Discovering natural dyeing

I recently followed a workshop on natural dyeing and I’m thrilled. It’s so bonding with nature and the result is like magic.

We learned about “Grands Teints” and “Petits Teints”. “Grands Teints” indicates that the color has proven to be sustainable overtime even when being exposed to light.

We mainly used “Grands Teints” material like walnut, onion shells, cochineal, madder root and reseda.

We first learned about the traditional and ancient dyeing technique according to precise recipes.

Another method was to apply the dyes directly and randomly onto the yarn with a table spoon, wrap the yarn and put it in the microwave or steam oven. Aren’t these two skeins lovely?


Cochineal and blue-wood.


Cutch, reseda and a few onion shells.

Finally, we did some solar dyeing.


Cochineal, walnut leafs, and – sorry for the latin name – Corylus avellana ‘Contorta’ all went into the pot and then the sun could do the rest.

And here’s how it came out:


About a month has gone by and I’ve been thinking about it ever since.
I’ve been collecting stuff I could use (you need a lot!) and made others collect for me too.
I’ve ordered undyed yarn and mordants.

I think I’m almost ready to do my own natural dyeing.


20 thoughts on “Discovering natural dyeing

    • Thanks, I’m really happy about the colors too and would love to do much more of this soon.
      I never tried food colouring before but the results seem to be great too.

  1. Wow, those are awesome. I have dyed with Kool aid before. (which smells divine) but now I am so very seriously considering natural dyeing as well. The solar dyeing is amazing. Have to start on my research and collecting of stuff 🙂
    You inspire us to be different, thanks.

    • Oh thank you, I’m so happy to read how enthusiastic you are about this too. It’s very encouraging!!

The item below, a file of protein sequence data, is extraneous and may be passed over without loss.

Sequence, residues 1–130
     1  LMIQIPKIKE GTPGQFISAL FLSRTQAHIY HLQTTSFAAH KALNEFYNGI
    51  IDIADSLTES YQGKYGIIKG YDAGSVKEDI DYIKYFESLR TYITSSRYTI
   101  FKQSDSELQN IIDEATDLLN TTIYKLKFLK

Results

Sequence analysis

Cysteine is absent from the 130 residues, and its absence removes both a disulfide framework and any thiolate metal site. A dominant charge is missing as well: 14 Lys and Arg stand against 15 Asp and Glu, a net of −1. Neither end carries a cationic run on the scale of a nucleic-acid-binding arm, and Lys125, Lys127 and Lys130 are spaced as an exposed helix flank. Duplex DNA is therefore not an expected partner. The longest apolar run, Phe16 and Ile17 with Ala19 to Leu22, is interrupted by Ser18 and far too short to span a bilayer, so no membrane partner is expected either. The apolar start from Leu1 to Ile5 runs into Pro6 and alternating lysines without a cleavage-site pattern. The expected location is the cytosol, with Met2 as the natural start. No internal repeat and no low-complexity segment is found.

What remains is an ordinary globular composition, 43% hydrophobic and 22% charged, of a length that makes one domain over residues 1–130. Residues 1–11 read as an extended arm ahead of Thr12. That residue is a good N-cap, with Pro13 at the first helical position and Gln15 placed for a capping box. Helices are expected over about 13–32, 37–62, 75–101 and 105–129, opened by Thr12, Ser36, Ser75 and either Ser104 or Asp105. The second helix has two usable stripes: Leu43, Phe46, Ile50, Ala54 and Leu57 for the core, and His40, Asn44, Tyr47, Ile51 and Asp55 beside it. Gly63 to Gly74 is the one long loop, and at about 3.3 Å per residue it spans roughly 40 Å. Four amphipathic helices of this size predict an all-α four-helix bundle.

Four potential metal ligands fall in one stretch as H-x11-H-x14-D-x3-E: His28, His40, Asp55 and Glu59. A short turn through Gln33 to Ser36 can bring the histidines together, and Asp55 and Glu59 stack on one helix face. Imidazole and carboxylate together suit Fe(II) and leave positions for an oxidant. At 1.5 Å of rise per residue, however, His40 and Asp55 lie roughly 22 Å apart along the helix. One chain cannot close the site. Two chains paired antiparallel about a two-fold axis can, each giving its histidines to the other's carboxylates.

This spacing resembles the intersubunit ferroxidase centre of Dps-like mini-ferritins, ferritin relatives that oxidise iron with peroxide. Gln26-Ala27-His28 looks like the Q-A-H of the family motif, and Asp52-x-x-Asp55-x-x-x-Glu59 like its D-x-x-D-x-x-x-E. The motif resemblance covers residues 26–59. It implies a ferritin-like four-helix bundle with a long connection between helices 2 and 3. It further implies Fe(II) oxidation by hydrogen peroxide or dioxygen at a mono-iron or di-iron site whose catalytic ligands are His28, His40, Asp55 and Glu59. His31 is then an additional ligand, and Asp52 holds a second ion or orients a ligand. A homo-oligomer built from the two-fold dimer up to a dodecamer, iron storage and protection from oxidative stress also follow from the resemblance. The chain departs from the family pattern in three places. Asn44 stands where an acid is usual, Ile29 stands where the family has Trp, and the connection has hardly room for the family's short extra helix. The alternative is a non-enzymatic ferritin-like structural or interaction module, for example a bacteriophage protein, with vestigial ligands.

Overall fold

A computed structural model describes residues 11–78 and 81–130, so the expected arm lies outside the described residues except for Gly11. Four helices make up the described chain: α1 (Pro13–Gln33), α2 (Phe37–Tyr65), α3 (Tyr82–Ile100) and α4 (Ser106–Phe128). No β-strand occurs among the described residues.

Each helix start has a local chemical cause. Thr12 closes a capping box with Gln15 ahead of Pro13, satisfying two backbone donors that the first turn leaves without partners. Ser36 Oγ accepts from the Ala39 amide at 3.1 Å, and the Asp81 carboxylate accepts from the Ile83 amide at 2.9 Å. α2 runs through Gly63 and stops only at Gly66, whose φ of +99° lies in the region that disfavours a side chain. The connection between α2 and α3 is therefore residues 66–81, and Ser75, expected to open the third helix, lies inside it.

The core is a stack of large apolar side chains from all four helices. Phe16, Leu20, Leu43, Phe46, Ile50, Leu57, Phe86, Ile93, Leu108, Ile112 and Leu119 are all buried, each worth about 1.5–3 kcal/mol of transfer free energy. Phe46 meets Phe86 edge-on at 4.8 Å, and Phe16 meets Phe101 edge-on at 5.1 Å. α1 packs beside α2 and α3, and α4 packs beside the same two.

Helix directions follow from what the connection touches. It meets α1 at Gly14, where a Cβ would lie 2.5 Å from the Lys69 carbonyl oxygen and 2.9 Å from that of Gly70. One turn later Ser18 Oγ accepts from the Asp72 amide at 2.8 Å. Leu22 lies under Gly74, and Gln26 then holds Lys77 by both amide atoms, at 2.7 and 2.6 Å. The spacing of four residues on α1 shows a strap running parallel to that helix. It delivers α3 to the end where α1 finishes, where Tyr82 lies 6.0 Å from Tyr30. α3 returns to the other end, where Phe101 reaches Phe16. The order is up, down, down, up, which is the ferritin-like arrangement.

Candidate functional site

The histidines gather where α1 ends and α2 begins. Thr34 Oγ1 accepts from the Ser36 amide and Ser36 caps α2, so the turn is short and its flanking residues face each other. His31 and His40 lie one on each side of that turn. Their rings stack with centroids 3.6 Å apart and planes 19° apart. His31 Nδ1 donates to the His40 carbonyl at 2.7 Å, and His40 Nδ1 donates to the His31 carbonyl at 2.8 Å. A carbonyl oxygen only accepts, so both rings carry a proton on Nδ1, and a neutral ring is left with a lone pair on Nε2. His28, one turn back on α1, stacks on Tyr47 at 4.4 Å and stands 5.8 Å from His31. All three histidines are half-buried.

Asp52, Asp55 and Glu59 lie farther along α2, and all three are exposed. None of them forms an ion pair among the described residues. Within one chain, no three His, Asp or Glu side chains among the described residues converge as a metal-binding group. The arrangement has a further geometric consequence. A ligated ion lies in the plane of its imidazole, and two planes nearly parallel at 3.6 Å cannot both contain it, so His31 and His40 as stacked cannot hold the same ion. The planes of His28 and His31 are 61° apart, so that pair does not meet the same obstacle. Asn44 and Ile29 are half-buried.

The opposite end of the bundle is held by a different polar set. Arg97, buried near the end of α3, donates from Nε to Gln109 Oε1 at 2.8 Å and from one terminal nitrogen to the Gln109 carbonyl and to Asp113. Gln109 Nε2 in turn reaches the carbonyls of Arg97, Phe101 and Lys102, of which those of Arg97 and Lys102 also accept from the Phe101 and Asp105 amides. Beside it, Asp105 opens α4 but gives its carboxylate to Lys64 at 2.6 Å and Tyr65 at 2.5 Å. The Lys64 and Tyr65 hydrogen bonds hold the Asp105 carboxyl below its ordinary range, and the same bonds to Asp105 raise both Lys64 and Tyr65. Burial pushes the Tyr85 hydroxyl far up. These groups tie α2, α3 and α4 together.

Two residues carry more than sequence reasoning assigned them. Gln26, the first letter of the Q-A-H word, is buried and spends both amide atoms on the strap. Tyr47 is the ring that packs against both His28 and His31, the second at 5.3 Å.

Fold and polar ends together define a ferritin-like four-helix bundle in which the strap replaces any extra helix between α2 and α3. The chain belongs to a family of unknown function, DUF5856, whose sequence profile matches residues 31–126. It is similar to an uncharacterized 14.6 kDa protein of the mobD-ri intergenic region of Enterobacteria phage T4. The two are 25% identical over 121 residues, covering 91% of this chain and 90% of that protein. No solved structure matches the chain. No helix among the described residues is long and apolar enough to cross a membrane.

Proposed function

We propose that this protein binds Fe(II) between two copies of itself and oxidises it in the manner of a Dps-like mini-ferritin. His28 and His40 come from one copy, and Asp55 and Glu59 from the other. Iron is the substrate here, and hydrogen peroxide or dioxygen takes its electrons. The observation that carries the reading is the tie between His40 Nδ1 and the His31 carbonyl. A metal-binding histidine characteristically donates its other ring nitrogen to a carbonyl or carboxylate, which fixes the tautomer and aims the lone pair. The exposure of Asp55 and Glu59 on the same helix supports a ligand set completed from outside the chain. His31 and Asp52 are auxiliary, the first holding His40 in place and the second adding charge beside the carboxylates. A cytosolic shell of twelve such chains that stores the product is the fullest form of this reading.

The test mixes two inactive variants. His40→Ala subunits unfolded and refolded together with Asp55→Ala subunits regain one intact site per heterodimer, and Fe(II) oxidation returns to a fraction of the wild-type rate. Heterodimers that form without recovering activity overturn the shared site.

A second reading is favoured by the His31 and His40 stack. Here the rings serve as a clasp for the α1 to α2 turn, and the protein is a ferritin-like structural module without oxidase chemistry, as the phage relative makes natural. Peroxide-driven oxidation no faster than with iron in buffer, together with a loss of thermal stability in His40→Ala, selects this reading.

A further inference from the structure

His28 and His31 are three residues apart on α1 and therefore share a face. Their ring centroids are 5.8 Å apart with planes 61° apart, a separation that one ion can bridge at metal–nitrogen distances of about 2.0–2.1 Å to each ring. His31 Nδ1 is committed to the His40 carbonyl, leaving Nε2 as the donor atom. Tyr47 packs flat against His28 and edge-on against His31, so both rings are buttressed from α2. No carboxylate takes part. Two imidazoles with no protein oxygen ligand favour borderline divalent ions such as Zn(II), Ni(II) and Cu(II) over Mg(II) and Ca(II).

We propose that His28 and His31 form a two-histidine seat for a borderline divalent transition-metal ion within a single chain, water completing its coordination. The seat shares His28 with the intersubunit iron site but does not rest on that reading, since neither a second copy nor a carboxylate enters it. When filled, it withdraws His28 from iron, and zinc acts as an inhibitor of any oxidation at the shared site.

You know, it’s real fun and the colors are always so surprising and never loud. I’d like to do much more of it in future and I’m slowly preparing for it because there’s quite a lot of stuff you need before getting started.

      • It is indeed a stunning way to colour and dye yarns. I am making a list of “good” stuff that colours well, so I can collect as I go. Am going to get out some old big jars and use them again. I am sure it is going to be a lot of good fun. Thanks for this. I look forward to the solar dye, as we are moving into summer here, it will be nice and warm. 🙂

    • I liked it a lot and it’s fun to see what nature can do. But it takes a lot of time, it’s a bit like slow cooking. And it takes a lot of material (dyeing stuff, mordants, pots, loads of water, spoons, a balance, etc.) but the outcome is always like a magical surprise.
      Hope all is well. Have a lovely week!

    • Thanks, I hope to show you more soon.
      But my first and next new experience will be spinning. I’m very excited about that too. It’s something I wanted to learn for a long time.

    • Oh thank you! Yes, I agree, it’s nice, isn’t it. I’m still thinking about a pattern for this yarn, but I’m sure I’ll find something.
      Thanks for you comment!

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